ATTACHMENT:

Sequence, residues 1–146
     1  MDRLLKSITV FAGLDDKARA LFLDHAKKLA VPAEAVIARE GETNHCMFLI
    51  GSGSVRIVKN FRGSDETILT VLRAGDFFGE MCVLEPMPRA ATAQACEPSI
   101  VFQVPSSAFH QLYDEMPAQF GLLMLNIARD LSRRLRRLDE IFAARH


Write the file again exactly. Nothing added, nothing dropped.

Sequence, residues 1–146
     1  MDRLLKSITV FAGLDDKARA LFLDHAKKLA VPAEAVIARE GETNHCMFLI
    51  GSGSVRIVKN FRGSDETILT VLRAGDFFGE MCVLEPMPRA ATAQACEPSI
   101  VFQVPSSAFH QLYDEMPAQF GLLMLNIARD LSRRLRRLDE IFAARH